Interhospital Transfer of Children in Septic Shock: A Clinician Interview Qualitative Study.

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DOI: 10.1177/0885066616683662


OBJECTIVE:: To determine the factors that influence the decision to transfer children in septic shock from level II to level I pediatric intensive care unit (PICU) care.

DESIGN:: Interviews with level II PICU physicians in Michigan and Northwest Ohio. A hypothetical scenario of a 14-year-old boy in septic shock was presented.

BASELINE:: 40 mL/kg fluid resuscitation, central venous and peripheral arterial access, and high-dose vasopressor infusions were provided.

ESCALATION POINT:: After 2 hours. When the patient is in catecholamine-resistant shock and oliguric, invasive mechanical ventilation is initiated.

MEASUREMENTS AND MAIN RESULTS:: All 19 eligible physicians participated. At baseline, respondents would assess measures of perfusion and hemodynamics: blood pressure (BP; 15 [79%]), lactate (12 [63%]), and central venous oxygen saturation (ScvO2; 10 [53%]). Poor clinical response was signified by low BP (11 [58%]), elevated lactate (9 [47%]), low urine output (8 [42%]), and low ScvO2(6 [32%]). At the escalation point, 13 of 18 respondents felt there was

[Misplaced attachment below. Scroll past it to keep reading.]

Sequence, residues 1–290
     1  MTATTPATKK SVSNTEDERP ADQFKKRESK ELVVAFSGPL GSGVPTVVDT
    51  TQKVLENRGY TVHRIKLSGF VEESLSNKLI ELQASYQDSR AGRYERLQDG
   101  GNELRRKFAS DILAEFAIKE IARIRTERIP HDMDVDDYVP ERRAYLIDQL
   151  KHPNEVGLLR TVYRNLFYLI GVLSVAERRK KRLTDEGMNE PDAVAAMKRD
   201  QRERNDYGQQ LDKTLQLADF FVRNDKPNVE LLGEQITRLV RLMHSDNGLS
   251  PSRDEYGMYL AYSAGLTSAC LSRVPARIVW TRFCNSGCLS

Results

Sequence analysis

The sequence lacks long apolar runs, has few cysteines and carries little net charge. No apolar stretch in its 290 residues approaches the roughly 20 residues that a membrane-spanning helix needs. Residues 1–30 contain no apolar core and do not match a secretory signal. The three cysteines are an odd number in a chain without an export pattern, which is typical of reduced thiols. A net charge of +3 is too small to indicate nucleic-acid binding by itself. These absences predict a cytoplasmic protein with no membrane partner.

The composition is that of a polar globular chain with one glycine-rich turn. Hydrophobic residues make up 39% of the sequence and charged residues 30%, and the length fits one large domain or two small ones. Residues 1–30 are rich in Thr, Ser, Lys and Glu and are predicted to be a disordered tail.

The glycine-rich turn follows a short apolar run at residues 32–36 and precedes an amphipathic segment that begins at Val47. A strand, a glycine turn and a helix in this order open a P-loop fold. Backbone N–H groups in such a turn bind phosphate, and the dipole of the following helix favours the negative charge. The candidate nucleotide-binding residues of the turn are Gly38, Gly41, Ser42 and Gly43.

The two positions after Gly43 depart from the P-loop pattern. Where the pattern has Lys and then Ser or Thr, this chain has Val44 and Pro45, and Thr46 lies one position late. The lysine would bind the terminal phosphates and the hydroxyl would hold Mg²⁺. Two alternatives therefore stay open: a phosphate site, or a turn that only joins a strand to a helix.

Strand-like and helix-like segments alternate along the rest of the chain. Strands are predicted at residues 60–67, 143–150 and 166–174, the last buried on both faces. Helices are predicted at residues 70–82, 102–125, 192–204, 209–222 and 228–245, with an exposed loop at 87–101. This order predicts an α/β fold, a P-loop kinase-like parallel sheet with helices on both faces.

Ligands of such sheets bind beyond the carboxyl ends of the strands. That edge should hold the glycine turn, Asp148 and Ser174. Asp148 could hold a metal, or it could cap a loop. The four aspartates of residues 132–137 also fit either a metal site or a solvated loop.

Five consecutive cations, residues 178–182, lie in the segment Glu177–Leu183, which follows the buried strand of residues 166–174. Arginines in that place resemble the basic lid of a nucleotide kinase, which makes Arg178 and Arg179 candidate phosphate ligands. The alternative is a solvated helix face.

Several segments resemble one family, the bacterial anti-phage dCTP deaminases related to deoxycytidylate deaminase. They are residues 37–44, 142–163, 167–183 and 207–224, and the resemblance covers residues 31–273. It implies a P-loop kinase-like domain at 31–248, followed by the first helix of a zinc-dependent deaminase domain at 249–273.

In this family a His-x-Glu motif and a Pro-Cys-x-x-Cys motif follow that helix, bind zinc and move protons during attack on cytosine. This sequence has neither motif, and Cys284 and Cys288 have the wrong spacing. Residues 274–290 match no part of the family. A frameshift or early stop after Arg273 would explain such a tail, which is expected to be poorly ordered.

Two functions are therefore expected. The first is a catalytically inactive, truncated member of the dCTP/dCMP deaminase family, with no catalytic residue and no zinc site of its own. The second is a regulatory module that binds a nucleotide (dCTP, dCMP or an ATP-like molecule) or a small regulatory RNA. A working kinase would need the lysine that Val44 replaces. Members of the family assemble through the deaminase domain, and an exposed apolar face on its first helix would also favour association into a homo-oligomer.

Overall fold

CONCLUSIONS:: Level II to level I PICU transfer of children with septic shock is triggered by perceived nonresponse to locally available therapies. Few referring physicians do not transfer children in refractory septic shock. This study provides new insight into decision-making that influences the interhospital transfer of children with septic shock.

Journal Title

Journal of intensive care medicine





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MeSH Keywords

Adolescent; Catheterization, Central Venous; Clinical Decision-Making; Combined Modality Therapy; Extracorporeal Membrane Oxygenation; Fluid Therapy; Humans; Intensive Care Units, Pediatric; Male; Patient Transfer; Qualitative Research; Renal Replacement Therapy; Shock, Septic; Vasoconstrictor Agents


critical illness; interhospital transfer; interview; pediatric intensive care; septic shock; therapeutics

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